BioMed Research International

Volume 2017 (2017), Article ID 6753831, 10 pages

https://doi.org/10.1155/2017/6753831

## Combining Acceleration Techniques for Low-Dose X-Ray Cone Beam Computed Tomography Image Reconstruction

^{1}Medical Physics Research Center, Institute for Radiological Research, Chang Gung University and Chang Gung Memorial Hospital, Taoyuan 33302, Taiwan^{2}Department of Nuclear Medicine and Neuroscience Research Center, Chang Gung Memorial Hospital, Taoyuan 33302, Taiwan^{3}Department of Medical Imaging and Radiological Sciences and Healthy Aging Research Center, College of Medicine, Chang Gung University, Taoyuan 33302, Taiwan

Correspondence should be addressed to Ing-Tsung Hsiao

Received 23 December 2016; Accepted 9 May 2017; Published 5 June 2017

Academic Editor: Kwang Gi Kim

Copyright © 2017 Hsuan-Ming Huang and Ing-Tsung Hsiao. This is an open access article distributed under the Creative Commons Attribution License, which permits unrestricted use, distribution, and reproduction in any medium, provided the original work is properly cited.

#### Abstract

*Background and Objective*. Over the past decade, image quality in low-dose computed tomography has been greatly improved by various compressive sensing- (CS-) based reconstruction methods. However, these methods have some disadvantages including high computational cost and slow convergence rate. Many different speed-up techniques for CS-based reconstruction algorithms have been developed. The purpose of this paper is to propose a fast reconstruction framework that combines a CS-based reconstruction algorithm with several speed-up techniques.* Methods*. First, total difference minimization (TDM) was implemented using the soft-threshold filtering (STF). Second, we combined TDM-STF with the ordered subsets transmission (OSTR) algorithm for accelerating the convergence. To further speed up the convergence of the proposed method, we applied the power factor and the fast iterative shrinkage thresholding algorithm to OSTR and TDM-STF, respectively.* Results*. Results obtained from simulation and phantom studies showed that many speed-up techniques could be combined to greatly improve the convergence speed of a CS-based reconstruction algorithm. More importantly, the increased computation time (≤10%) was minor as compared to the acceleration provided by the proposed method.* Conclusions*. In this paper, we have presented a CS-based reconstruction framework that combines several acceleration techniques. Both simulation and phantom studies provide evidence that the proposed method has the potential to satisfy the requirement of fast image reconstruction in practical CT.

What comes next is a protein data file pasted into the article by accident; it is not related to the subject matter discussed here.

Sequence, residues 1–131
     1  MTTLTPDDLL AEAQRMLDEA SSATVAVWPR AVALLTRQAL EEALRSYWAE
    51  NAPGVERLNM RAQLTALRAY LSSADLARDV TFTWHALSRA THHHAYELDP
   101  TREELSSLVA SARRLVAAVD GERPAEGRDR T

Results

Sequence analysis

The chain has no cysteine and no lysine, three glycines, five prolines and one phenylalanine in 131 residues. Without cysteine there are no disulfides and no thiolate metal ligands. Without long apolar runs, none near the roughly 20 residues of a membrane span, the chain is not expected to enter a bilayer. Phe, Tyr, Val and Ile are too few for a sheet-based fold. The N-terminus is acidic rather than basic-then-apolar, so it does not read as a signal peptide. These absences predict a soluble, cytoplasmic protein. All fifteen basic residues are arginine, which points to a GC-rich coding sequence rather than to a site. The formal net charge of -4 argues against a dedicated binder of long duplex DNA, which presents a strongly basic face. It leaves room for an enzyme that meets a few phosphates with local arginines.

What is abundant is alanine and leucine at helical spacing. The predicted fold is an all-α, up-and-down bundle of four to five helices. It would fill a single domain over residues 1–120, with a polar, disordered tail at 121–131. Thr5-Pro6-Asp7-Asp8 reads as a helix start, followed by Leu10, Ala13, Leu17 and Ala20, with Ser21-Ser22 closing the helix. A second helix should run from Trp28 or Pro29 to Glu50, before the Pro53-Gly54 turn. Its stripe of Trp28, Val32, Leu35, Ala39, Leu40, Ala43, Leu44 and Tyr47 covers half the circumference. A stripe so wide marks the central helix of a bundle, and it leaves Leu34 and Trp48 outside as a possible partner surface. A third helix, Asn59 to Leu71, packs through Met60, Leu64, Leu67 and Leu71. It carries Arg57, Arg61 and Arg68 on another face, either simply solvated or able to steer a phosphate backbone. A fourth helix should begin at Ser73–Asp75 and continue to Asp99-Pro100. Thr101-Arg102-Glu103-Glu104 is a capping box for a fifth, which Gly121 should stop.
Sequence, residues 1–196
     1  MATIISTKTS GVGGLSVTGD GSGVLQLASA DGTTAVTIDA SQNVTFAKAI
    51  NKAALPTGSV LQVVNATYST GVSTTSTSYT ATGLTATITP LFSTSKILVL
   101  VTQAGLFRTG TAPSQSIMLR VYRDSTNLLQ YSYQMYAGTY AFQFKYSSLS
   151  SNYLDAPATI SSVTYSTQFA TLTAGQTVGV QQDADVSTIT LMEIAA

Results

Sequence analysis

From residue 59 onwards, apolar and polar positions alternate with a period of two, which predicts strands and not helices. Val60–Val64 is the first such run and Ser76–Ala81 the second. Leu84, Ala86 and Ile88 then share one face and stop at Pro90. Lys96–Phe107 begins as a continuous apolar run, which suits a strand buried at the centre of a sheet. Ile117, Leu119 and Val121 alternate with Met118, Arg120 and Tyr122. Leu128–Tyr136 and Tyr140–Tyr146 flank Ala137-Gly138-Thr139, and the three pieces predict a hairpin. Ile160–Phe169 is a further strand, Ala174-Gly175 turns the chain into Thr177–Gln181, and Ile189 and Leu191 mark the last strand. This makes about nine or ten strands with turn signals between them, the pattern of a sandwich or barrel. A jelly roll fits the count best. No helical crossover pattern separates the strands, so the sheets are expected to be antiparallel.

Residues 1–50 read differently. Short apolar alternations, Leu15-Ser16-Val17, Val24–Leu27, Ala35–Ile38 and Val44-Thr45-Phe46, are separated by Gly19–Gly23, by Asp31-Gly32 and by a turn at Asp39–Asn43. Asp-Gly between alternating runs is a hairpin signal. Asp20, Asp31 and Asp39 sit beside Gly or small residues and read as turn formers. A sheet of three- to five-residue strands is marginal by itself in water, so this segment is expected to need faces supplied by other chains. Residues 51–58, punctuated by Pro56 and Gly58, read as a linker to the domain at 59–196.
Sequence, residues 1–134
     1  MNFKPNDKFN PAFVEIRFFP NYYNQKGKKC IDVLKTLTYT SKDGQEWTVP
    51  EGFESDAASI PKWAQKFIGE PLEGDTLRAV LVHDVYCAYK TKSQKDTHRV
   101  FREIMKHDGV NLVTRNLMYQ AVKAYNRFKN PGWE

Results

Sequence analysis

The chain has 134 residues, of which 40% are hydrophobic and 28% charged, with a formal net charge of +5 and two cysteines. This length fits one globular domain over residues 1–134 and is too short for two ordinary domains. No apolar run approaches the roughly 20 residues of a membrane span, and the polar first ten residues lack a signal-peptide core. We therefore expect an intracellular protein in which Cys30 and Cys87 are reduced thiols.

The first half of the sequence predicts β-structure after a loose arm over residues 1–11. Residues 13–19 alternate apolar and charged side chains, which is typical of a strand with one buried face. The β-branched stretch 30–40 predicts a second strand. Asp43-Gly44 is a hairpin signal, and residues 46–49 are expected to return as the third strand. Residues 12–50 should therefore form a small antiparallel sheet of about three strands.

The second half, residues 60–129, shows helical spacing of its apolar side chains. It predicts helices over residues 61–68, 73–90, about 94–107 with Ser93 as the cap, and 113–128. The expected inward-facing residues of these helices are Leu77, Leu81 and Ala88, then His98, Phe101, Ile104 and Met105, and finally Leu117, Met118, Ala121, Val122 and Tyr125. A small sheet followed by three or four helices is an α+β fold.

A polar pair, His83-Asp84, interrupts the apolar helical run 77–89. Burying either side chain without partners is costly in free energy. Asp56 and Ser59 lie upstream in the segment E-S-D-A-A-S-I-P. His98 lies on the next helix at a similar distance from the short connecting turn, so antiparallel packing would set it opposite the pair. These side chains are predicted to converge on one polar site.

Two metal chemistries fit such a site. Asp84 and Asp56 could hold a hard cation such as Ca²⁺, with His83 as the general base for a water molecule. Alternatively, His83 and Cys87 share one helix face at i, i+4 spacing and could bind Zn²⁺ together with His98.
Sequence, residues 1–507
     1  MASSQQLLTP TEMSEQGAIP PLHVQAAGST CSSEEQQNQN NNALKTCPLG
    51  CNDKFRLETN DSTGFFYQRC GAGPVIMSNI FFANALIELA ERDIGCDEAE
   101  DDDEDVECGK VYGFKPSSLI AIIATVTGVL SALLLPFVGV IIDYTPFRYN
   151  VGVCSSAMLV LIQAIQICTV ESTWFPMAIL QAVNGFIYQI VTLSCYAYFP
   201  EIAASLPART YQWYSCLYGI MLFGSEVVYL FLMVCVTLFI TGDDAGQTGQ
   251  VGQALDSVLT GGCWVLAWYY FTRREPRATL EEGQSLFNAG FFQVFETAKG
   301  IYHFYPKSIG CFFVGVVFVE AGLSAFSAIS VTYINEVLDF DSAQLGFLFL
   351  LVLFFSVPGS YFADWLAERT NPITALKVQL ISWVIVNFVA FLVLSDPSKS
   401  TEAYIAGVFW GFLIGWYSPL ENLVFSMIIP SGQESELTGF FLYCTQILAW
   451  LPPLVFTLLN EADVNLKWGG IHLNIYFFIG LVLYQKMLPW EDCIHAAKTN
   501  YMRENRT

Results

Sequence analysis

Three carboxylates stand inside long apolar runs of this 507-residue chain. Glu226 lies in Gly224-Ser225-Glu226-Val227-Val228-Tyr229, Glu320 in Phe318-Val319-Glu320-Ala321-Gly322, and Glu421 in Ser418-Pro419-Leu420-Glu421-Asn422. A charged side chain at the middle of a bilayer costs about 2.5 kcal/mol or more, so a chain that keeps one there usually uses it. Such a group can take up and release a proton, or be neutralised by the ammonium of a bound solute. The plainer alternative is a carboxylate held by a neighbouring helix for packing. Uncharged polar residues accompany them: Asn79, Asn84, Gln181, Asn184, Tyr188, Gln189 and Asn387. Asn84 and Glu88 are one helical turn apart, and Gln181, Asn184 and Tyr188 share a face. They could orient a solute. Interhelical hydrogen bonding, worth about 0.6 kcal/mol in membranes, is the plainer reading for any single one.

#### 1. Introduction